Aside from superhero fatigue, these audiences may also be suffering from Marvel overload. Marvel Entertainment is the canniest movie company around, with near-genius amalgamation of the creatures spawned in their comic books. But three Marvel movies in two months may be one of two too many. Didn’t Captain America just save the world in a fashion similar to that used by the X-Men to prevent a mad scientist (Peter Dinklage) from giving the ultimate weapon of a sentinel army to Richard Nixon? Is the movie world in danger of overpopulation by shape-shifters and twisted geniuses?

Whatever the explanation, there hasn’t been a $100-million weekend since The Hunger Games: Catching Fire opened last Thanksgiving. But in the long run, three days in a film’s North American release means less than what the movie earns in its entire run around the globe. With the Chinese market for Hollywood movies skyrocketing, even as domestic grosses stagnate, the new gold standard for blockbuster success is a $1 billion-dollar worldwide take. That exclusive club now has 18 members, including many — Titanic, Avatar and the new No. 5 all-time hit Frozen — that never has a $100-million weekend.

Worldwide, Days of Future Past is doing fine: $302 million since last Wednesday. e hope not. And in a month, the fourth Transformers opens. It’s the summer’s best bet for a $100-million weekend — and a billion-dollar worldwide bonanza.



See the X-Men Actors In Days of Present — And Past

The past, present and future of your favorite X-Men

James McAvoy and Michael Fassbender, respectively, play the younger versions of Patrick Stewart’s Professor X and Ian McKellen’s Magneto in the time-travelling escapades of X-Men: Days of Future Past. Take a look at how these actors and others in the new X-Men movie have aged over the years.


Meet the New Mutants of X-Men: Days of Future Past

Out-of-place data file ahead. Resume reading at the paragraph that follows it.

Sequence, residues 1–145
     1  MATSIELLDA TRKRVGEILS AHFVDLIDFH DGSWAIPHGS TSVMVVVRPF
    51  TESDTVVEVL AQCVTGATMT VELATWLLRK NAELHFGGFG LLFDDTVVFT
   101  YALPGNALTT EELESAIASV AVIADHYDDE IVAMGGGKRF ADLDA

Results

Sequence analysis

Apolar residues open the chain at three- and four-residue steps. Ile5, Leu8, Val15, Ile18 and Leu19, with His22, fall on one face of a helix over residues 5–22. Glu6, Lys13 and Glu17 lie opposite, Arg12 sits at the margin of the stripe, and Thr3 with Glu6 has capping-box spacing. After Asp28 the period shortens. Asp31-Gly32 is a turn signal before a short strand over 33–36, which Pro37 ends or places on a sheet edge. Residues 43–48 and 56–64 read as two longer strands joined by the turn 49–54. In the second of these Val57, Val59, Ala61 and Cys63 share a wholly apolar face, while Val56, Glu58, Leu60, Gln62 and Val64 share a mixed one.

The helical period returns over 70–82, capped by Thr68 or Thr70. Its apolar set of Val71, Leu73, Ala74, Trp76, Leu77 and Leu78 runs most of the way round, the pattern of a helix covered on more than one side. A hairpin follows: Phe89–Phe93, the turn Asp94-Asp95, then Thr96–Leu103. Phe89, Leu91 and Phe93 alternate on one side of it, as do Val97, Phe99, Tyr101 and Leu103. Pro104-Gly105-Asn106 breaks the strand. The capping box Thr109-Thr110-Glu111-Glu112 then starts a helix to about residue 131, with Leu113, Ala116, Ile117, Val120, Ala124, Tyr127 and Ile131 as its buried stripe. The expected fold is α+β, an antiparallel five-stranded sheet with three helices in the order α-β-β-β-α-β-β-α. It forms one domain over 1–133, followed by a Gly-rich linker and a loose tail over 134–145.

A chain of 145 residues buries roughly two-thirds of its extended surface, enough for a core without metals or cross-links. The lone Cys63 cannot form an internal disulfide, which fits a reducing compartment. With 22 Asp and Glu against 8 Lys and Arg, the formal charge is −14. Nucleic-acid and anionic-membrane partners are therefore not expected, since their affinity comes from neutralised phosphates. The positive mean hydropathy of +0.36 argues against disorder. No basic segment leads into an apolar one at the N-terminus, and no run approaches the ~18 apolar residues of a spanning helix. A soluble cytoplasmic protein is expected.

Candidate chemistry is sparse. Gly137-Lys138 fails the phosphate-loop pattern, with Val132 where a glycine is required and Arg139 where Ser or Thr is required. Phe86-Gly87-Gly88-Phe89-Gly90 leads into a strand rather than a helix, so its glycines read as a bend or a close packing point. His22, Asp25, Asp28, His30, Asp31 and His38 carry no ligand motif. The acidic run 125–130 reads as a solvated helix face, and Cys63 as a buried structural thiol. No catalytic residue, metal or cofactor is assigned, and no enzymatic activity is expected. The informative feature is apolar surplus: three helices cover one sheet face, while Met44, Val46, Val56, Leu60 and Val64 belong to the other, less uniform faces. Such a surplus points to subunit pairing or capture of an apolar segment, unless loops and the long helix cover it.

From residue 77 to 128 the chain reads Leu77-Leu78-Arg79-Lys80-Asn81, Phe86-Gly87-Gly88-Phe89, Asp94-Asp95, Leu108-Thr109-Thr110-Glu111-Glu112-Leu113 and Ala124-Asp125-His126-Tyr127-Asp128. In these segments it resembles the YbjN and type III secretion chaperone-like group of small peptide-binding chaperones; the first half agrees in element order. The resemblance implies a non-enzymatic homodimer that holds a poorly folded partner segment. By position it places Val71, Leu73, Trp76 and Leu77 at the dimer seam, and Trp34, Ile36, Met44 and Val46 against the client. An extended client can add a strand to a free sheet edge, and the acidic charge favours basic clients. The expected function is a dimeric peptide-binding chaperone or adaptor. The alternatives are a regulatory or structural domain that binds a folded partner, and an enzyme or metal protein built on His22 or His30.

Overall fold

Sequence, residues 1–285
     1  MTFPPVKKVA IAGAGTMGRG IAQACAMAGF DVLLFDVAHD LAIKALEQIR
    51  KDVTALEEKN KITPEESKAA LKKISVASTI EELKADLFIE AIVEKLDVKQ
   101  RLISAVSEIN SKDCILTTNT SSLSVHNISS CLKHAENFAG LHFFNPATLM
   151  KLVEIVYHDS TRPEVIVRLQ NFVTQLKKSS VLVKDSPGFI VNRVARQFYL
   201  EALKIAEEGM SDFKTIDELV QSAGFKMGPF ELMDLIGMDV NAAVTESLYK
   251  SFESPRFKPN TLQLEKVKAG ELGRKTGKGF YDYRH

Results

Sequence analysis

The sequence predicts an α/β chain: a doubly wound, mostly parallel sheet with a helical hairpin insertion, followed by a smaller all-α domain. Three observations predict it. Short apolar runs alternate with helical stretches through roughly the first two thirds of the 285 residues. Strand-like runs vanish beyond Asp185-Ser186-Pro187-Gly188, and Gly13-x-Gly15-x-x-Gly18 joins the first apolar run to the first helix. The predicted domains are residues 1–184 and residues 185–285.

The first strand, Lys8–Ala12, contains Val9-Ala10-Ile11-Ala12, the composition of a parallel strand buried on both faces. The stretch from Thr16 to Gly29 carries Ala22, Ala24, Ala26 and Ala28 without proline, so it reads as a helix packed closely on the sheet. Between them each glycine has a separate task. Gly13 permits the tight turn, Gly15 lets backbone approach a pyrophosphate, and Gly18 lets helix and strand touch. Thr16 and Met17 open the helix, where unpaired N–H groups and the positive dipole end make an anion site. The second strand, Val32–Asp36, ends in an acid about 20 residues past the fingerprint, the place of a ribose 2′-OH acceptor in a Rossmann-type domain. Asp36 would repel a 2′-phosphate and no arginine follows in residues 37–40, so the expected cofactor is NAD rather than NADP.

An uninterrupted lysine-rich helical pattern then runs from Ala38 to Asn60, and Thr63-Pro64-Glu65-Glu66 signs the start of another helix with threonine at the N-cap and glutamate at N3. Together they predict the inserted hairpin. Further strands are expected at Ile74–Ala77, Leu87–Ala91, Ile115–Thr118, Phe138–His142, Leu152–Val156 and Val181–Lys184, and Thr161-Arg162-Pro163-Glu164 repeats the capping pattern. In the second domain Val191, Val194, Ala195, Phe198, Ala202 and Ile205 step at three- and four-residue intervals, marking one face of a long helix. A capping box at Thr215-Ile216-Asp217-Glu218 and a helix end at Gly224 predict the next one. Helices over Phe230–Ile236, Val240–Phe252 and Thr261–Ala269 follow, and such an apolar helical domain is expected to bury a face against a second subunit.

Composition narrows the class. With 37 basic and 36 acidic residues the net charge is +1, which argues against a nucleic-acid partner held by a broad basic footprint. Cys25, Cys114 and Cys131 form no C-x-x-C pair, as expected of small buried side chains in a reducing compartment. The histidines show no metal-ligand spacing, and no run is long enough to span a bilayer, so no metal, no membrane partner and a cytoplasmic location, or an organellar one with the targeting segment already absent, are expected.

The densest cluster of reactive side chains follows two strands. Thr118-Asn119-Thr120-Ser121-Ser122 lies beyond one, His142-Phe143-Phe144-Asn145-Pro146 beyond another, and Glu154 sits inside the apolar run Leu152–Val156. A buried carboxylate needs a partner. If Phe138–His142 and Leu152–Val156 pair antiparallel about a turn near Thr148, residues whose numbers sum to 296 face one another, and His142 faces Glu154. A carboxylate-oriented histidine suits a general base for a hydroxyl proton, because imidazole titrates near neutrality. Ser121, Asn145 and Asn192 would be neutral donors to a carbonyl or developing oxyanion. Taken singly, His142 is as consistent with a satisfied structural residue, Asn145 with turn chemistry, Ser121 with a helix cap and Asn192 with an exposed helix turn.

Future or past or pluperfect, mutants are everywhere


There’s a lot going on in X-Men: Days of Future Past, which jumps around from the 1970s to the present day to nine years in the future. In each timeline, mutants familiar and new (at least to movies-only fans) try desperately to save themselves from diabolical mutant-hunting robots called sentinels.

But fortunately for you, super speed or telekinetic powers aren’t needed to keep track of all the new X-Men. Just use this handy guide.

Roberto de Costs (aka Sunspot)

  • Absorbs and channels solar power.

Lucas Bishop (aka Bishop)

  • Absorbs and releases ambient energy

Pietro Maximoff (aka Quicksilver)

  • Super speed

Clarice Ferguson (aka Blink)

  • Portals and teleportation

James Proudstar (aka Warpath)

  • Superhuman physical ability

Peter Rasputin (aka Colossus)

  • Organic steel skin


TIME celebrities

Jennifer Lawrence Found the Cure For the Hiccups

20th Annual Screen Actors Guild Awards - Press Room
Jennifer Lawrence poses in the press room at the 20th annual Screen Actors Guild Awards on January 18, 2014 in Los Angeles, California. Jason LaVeris—FilmMagic

JLaw, what would we ever do without you?

Your best friend Dr. Jennifer Lawrence has found the cure for hiccups—securing her spot as the people’s star.

A Vulture reporter witnessed Lawrence’s hiccup treatment at a Vanity Fair Cannes Film Festival party. The hiccuping actress told her non-hiccuping entourage, “Seriously, I need some water now… The only thing that ever works for getting rid of hiccups for me is when I drink water and raise my arms over my head and lower them very slowly.”

The reporter nervously watched Lawrence (note: being scared, another cure for the hiccups) for the two minutes it took for the actress to drain a water bottle and very, very slowly lower her arms.

And… it worked. Thanks for your infinite wisdom J-Law.

You can all go back to your work weeks now.


TIME Television

Jennifer Lawrence: I Tried To Dance With J. Lo And It Went Horribly Wrong

The adorably gaffe-prone actress has done it again.


Jennifer Lawrence went on the The Tonight Show With Jimmy Fallon Thursday and talked about the time she and host Jimmy Fallon tried to dance with Jennifer Lopez.

“We both saw J.Lo, and this was like 10 Jello shots in. And I’ve never done jello shots—I didn’t go to college,” Lawrence said about dancing at an event with Fallon. “So we were dancing and we J.Lo and were like, ‘Well, we gotta get J. Lo to dance!’ So I was like, ‘We’ll do a spin, and then we’ll go, ‘Dance with us!'”

The TV host and the 23-year-old actress planned a secret choreography to surprise Lopez together.

But while Lawrence did the routine, but Fallon stayed behind. “I do it, he’s gone and it’s just me looking at J.Lo going, ‘Dance with me!'” Lawrence said. “She was like, ‘I think I’m just gonna observe.’ You made me look like a freak in front of J.Lo! Do you know what that feels like?”